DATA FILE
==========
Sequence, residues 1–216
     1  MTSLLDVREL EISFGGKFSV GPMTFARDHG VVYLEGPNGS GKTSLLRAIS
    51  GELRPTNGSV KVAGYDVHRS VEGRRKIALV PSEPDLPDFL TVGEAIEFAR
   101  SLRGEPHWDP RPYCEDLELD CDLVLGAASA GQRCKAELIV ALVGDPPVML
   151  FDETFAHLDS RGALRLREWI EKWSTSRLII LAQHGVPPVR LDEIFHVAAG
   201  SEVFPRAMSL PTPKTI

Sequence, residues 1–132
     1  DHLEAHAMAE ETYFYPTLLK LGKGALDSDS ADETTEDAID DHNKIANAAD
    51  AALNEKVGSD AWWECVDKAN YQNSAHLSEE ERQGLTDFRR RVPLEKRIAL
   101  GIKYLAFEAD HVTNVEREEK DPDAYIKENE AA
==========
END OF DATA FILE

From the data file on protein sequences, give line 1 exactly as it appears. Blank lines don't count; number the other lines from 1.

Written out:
Sequence, residues 1–216